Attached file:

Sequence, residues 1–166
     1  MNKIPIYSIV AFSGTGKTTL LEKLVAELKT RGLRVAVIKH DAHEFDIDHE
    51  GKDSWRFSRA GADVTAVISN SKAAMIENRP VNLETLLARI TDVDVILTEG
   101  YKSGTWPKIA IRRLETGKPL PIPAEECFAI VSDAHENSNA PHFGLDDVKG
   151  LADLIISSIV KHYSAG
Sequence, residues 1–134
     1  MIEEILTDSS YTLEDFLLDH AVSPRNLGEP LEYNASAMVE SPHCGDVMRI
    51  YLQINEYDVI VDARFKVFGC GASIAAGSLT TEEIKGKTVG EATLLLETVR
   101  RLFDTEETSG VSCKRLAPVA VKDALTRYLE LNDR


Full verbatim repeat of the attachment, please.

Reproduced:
Sequence, residues 1–166
     1  MNKIPIYSIV AFSGTGKTTL LEKLVAELKT RGLRVAVIKH DAHEFDIDHE
    51  GKDSWRFSRA GADVTAVISN SKAAMIENRP VNLETLLARI TDVDVILTEG
   101  YKSGTWPKIA IRRLETGKPL PIPAEECFAI VSDAHENSNA PHFGLDDVKG
   151  LADLIISSIV KHYSAG
Sequence, residues 1–134
     1  MIEEILTDSS YTLEDFLLDH AVSPRNLGEP LEYNASAMVE SPHCGDVMRI
    51  YLQINEYDVI VDARFKVFGC GASIAAGSLT TEEIKGKTVG EATLLLETVR
   101  RLFDTEETSG VSCKRLAPVA VKDALTRYLE LNDR